Franklin Mayor Ken Moore delivers 2022 State of the City address

Franklin Mayor Ken Moor addresses the audience at Franklin's State of the City 2022 the morning of May 11 at Rolling HIlls Community Church in Franklin. (Martin Cassidy/Community Impact Newspaper)
Franklin Mayor Ken Moor addresses the audience at Franklin's State of the City 2022 the morning of May 11 at Rolling HIlls Community Church in Franklin. (Martin Cassidy/Community Impact Newspaper)

Franklin Mayor Ken Moor addresses the audience at Franklin's State of the City 2022 the morning of May 11 at Rolling HIlls Community Church in Franklin. (Martin Cassidy/Community Impact Newspaper)

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Franklin Mayor Ken Moore and City Administrator Eric Stuckey discuss the city's 2021 accomplishments at Franklin's State of the City 2022 at Rolling Hills Community Church in Franklin on May 11. (Martin Cassidy/Community Impact Newspaper)
Large-scale capital projects, a balanced budget and a steady focus on the city’s future were highlighted as reasons for public confidence at Franklin’s 2022 State of the City address May 11.

“Most of the time change is a good thing; it is how we grow and get stronger,” Franklin Mayor Ken Moore said about the past year. “I believe this past year has helped us all be the best versions of ourselves.”

At the annual presentation at Rolling Hills Community Church in Franklin, remarks by Moore and City Administrator Eric Stuckey alternated with a series of parody videos of “Ted Lasso,” “Top Gun” and “Yellowstone” that integrated information on the city’s last year.

The theme of the presentation was “Better Together,” which Moore said referenced city workers being a cohesive unit who helped the city maintain a strong position despite the COVID-19 pandemic and the ensuing economic and other upheavals. The presentation focused on several aspects of the city’s past 12 months.

Capital projects


Moore began by discussing the Oct. 31 opening of the $45.1 million northwest extension of the Mack C. Hatcher Parkway, extending from Hillsboro Road to south of New Hwy. 96 West in Franklin, that has helped reduce travel times for residents and commuters through the city, Moore said.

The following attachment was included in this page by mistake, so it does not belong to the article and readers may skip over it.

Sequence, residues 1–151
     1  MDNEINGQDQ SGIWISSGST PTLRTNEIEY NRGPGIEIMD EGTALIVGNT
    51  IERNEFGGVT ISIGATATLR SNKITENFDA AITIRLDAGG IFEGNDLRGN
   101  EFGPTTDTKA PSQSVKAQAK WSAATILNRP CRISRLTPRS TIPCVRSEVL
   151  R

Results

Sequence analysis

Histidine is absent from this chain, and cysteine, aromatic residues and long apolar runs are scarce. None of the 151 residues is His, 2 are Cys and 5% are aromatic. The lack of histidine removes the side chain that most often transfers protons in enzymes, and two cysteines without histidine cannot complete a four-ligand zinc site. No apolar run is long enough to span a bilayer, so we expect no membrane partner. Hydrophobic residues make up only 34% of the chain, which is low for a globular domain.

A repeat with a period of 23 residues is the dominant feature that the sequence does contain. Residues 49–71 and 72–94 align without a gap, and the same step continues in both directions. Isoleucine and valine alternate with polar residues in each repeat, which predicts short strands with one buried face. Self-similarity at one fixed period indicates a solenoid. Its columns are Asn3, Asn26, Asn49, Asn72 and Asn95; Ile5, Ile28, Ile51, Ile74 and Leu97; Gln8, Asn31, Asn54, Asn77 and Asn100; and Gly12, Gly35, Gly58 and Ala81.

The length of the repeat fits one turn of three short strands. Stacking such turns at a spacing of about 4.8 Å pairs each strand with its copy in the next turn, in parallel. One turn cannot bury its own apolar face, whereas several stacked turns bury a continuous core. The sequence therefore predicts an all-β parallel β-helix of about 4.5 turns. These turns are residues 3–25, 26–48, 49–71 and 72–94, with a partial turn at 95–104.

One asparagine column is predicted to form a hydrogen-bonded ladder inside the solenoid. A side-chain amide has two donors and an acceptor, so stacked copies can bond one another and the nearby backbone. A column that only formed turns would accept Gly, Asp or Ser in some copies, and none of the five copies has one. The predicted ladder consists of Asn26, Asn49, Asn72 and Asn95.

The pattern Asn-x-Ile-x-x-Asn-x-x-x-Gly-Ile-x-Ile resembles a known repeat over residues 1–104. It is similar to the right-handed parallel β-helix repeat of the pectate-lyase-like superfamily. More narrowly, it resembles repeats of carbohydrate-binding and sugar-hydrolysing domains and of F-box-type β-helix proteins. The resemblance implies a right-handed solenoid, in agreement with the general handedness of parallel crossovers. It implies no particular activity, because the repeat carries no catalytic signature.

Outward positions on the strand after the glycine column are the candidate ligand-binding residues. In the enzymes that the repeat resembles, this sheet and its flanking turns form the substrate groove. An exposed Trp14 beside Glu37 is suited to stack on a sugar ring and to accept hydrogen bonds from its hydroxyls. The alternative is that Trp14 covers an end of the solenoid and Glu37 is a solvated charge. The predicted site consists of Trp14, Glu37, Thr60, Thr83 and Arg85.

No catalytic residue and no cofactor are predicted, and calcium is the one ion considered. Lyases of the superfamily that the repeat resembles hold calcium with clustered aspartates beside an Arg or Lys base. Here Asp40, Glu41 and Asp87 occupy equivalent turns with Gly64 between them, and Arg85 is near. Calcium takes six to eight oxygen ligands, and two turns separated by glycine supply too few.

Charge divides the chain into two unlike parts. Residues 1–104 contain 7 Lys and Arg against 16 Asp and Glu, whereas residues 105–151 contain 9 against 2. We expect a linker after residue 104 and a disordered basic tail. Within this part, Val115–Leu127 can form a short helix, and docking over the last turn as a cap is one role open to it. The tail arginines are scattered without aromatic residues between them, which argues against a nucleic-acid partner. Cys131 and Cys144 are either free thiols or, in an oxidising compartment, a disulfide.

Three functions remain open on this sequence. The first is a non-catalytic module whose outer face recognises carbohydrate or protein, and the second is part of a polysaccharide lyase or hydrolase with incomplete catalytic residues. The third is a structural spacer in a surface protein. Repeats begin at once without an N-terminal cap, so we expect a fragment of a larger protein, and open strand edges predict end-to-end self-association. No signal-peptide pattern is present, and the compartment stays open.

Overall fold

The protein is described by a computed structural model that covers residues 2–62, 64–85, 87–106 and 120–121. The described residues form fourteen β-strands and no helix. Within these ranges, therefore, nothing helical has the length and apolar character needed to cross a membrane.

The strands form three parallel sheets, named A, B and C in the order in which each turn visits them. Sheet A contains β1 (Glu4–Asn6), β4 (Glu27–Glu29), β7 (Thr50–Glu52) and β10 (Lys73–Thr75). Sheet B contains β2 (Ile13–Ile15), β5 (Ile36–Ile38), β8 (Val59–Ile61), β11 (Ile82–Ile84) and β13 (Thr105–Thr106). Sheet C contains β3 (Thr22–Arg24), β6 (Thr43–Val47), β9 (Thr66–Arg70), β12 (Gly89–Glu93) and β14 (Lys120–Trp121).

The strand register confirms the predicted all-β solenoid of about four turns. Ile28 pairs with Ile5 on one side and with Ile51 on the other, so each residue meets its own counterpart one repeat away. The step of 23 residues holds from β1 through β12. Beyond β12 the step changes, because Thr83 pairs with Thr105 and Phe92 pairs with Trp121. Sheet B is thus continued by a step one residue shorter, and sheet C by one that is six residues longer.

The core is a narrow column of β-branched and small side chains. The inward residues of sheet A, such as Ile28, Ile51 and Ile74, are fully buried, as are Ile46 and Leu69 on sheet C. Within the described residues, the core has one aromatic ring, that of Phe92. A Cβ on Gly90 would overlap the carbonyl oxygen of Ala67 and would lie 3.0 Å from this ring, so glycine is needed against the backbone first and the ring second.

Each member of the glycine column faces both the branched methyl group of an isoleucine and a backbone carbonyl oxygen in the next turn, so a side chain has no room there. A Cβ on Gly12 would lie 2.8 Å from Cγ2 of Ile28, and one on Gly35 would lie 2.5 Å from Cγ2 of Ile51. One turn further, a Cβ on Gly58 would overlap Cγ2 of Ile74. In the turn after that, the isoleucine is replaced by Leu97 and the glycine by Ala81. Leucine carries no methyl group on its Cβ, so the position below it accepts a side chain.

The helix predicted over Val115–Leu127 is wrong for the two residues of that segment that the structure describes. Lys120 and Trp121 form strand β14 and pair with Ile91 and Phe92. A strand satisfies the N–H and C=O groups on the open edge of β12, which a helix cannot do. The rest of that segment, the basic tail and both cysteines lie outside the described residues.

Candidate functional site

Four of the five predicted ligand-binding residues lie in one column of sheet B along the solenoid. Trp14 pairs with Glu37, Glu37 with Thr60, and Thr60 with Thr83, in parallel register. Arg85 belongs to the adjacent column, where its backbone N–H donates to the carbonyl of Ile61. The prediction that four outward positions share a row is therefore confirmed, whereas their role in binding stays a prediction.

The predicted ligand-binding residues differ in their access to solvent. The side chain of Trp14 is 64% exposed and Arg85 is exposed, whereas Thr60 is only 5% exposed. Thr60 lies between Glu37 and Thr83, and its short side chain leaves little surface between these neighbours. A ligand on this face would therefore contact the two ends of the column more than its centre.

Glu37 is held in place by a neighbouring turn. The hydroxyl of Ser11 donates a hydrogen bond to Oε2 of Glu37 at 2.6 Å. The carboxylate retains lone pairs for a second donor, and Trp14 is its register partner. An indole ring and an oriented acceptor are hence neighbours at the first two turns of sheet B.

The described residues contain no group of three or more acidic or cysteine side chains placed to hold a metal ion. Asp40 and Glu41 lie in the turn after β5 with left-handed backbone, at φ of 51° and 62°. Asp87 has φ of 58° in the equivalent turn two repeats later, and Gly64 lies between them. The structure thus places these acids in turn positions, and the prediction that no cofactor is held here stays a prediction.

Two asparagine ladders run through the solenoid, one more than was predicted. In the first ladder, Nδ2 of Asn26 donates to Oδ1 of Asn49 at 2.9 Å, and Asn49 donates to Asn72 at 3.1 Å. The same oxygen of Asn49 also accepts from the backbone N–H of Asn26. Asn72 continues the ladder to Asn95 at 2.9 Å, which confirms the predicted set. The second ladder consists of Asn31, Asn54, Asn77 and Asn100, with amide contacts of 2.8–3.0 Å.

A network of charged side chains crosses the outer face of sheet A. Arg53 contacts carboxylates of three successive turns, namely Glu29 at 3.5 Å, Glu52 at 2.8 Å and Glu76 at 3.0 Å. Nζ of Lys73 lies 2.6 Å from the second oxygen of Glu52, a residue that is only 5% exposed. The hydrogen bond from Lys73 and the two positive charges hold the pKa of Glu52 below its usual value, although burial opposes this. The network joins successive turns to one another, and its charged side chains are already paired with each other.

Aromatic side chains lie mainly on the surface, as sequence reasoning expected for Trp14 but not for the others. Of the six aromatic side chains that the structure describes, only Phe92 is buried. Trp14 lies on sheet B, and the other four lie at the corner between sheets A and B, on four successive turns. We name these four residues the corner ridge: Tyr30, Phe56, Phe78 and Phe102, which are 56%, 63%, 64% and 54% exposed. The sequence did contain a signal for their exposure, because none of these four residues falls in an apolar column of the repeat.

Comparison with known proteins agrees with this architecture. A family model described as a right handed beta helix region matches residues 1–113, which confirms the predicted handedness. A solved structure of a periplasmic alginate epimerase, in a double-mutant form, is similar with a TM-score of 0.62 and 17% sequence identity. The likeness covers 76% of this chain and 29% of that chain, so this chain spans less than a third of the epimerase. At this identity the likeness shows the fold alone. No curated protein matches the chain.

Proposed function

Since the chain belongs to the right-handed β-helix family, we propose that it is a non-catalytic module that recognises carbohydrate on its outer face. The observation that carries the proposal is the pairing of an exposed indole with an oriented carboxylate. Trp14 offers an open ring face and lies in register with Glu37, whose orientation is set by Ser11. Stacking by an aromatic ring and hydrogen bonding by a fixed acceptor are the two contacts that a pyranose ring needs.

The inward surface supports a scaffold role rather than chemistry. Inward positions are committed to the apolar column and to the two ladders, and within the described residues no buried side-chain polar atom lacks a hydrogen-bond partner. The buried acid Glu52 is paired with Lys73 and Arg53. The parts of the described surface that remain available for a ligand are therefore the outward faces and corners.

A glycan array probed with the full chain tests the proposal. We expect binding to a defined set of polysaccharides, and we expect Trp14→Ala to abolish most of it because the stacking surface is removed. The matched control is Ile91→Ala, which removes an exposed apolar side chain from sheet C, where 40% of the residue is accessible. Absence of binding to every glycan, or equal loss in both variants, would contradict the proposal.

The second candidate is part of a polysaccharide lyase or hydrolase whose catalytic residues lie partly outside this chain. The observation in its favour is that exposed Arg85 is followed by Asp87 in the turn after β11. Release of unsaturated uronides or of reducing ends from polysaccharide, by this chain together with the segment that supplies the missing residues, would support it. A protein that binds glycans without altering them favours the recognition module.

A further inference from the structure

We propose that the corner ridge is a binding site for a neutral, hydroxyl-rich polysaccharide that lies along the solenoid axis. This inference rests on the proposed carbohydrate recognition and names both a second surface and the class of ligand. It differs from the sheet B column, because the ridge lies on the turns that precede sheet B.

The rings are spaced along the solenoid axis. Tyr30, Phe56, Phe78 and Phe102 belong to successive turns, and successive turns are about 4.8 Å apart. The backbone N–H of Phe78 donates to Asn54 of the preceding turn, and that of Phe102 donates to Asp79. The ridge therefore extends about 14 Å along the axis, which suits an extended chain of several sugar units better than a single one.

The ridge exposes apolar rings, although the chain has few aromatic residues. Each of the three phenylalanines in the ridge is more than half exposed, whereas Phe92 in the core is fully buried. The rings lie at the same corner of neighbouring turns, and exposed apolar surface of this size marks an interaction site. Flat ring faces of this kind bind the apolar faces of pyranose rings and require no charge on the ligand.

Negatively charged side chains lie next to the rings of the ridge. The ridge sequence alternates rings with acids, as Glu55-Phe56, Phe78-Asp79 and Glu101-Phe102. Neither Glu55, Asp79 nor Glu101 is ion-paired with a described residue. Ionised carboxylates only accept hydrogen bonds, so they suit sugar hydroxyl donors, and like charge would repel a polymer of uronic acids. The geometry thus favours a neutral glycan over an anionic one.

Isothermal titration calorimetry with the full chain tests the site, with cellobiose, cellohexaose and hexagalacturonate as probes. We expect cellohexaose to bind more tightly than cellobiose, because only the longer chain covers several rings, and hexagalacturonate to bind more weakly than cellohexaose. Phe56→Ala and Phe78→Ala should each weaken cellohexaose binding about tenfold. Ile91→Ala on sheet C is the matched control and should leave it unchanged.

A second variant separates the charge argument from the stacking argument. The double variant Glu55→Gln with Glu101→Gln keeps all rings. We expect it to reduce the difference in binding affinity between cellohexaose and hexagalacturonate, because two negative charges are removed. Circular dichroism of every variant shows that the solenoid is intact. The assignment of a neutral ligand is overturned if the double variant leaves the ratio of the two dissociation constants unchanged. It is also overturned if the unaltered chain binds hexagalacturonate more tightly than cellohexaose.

The project includes a single-lane bridge in each direction over the Harpeth River.

“We’ve been waiting for 25 years for [the] Mack Hatcher northwest extension, and we’ve got it now,” Moore said. “What a treat for the people who live nearby and have had to come through downtown. It is making such a huge difference for us.”

This summer, the city is also set to complete a $150 million upgrade and expansion to the city’s wastewater facilities that began three and a half years ago.

“It will be more efficient and better for the environment,” Moore said.

The city is finishing the SR 96 multiuse trail project at a total cost of $4.2 million, Stuckey said.

Looking forward, in late March the city approved a $1.4 million study for design and other work on a new Franklin City Hall to replace the retrofitted 1970s era shopping center, where more than 30% of the space is unusable for city department needs.

The city hopes to complete building the new city hall by 2026, according to city officials.

City administrators have recommended a $74.5 million option to build a 78,500-square-foot facility with 204 underground parking spaces.

“It has outrun its life,” Moore said of the building. “It is a former shopping mall and is in disrepair and constantly a maintenance nightmare, so it does need updating.”

Moore also touted the Southeast Municipal Recreation Complex, a 188-acre park off Carothers Parkway that will include a $3 million all-abilities playground called Ellie G’s Dream World.

Half of the money for the project, which is slated to be finished in 2024, will be raised by The Friends of Franklin Park.

The play space will include elements, such as basket swings; a safari adventure vehicle that sways gently with bucket seats and tall seat backs; and a variety of climbing options that are well suited to children with conditions, such autism and ADHD.

“It is going to be a real jewel in our southeast part of Franklin,” Moore said.

Finances

The city’s proposed fiscal year 2022-23 budget of $207 million is 15.1% higher than the previous year, but strong property tax revenues and reserves are allowing the city to balance the budget without a property tax increase.

During the presentation, Michael Walters Young, the city's budget and analytics manager, highlighted the city’s AAA bond ratings from Standard & Poor’s, and Moody’s rating services.

While the city’s budget relies largely on consumption taxes, the city has seen an average of 3.9% growth year over year in those taxes for the past 25 years, he said.

“What is a concern for most cities is Franklin’s strength, and we use a lot of sales tax to fund our government,” Young said. “The city of Franklin is as stable as it gets.”

The city’s use of $20 million in cash toward financing capital projects this year is also enabled by the city’s strong revenues and financial position, Stuckey added.

“We’re making sure we’re not overly dependent on debt, and that number [20 million] is just this year to help with key projects,” Stuckey said.

At the end of the presentation, Moore reiterated the theme of “Better Together” and expressed his admiration for city workers and his colleagues on the Board of Mayor and Aldermen for their role in keeping the city moving forward.

“I believe we are better together,” Moore said. “That’s how we get things done in Franklin, by working together and serving the community with love in our hearts.”

The entire presentation can be viewed on the city's YouTube channel.
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